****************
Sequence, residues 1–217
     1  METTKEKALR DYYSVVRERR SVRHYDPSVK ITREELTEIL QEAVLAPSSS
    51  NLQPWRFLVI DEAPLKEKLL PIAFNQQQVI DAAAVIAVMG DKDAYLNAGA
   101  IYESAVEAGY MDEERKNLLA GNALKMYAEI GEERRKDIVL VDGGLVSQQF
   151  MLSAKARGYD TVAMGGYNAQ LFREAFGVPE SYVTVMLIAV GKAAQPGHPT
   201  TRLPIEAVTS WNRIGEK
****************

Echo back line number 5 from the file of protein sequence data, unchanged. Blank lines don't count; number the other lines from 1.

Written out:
   151  MLSAKARGYD TVAMGGYNAQ LFREAFGVPE SYVTVMLIAV GKAAQPGHPT